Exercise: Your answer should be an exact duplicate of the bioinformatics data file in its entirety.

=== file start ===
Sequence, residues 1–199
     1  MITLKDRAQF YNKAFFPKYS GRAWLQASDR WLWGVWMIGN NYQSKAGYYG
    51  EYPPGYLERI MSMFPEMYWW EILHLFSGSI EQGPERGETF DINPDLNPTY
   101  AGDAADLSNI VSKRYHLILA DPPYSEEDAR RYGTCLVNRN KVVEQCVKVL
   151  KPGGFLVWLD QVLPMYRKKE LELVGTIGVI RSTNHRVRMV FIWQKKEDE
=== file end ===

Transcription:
Sequence, residues 1–199
     1  MITLKDRAQF YNKAFFPKYS GRAWLQASDR WLWGVWMIGN NYQSKAGYYG
    51  EYPPGYLERI MSMFPEMYWW EILHLFSGSI EQGPERGETF DINPDLNPTY
   101  AGDAADLSNI VSKRYHLILA DPPYSEEDAR RYGTCLVNRN KVVEQCVKVL
   151  KPGGFLVWLD QVLPMYRKKE LELVGTIGVI RSTNHRVRMV FIWQKKEDE